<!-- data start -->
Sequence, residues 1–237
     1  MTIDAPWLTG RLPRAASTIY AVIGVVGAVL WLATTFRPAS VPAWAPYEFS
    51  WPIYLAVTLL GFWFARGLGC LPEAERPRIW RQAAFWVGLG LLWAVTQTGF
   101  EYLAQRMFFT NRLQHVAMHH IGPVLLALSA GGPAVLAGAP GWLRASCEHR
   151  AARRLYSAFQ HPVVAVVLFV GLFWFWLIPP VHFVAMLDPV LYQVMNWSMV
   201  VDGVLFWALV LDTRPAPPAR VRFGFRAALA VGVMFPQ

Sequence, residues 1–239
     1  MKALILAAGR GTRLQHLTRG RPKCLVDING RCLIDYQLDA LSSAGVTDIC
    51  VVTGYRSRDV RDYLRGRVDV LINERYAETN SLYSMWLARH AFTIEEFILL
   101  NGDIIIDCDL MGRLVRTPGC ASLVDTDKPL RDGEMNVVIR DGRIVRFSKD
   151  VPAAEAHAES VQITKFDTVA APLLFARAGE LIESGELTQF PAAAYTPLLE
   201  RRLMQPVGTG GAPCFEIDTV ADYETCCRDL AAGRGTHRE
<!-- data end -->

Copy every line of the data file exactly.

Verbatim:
Sequence, residues 1–237
     1  MTIDAPWLTG RLPRAASTIY AVIGVVGAVL WLATTFRPAS VPAWAPYEFS
    51  WPIYLAVTLL GFWFARGLGC LPEAERPRIW RQAAFWVGLG LLWAVTQTGF
   101  EYLAQRMFFT NRLQHVAMHH IGPVLLALSA GGPAVLAGAP GWLRASCEHR
   151  AARRLYSAFQ HPVVAVVLFV GLFWFWLIPP VHFVAMLDPV LYQVMNWSMV
   201  VDGVLFWALV LDTRPAPPAR VRFGFRAALA VGVMFPQ

Sequence, residues 1–239
     1  MKALILAAGR GTRLQHLTRG RPKCLVDING RCLIDYQLDA LSSAGVTDIC
    51  VVTGYRSRDV RDYLRGRVDV LINERYAETN SLYSMWLARH AFTIEEFILL
   101  NGDIIIDCDL MGRLVRTPGC ASLVDTDKPL RDGEMNVVIR DGRIVRFSKD
   151  VPAAEAHAES VQITKFDTVA APLLFARAGE LIESGELTQF PAAAYTPLLE
   201  RRLMQPVGTG GAPCFEIDTV ADYETCCRDL AAGRGTHRE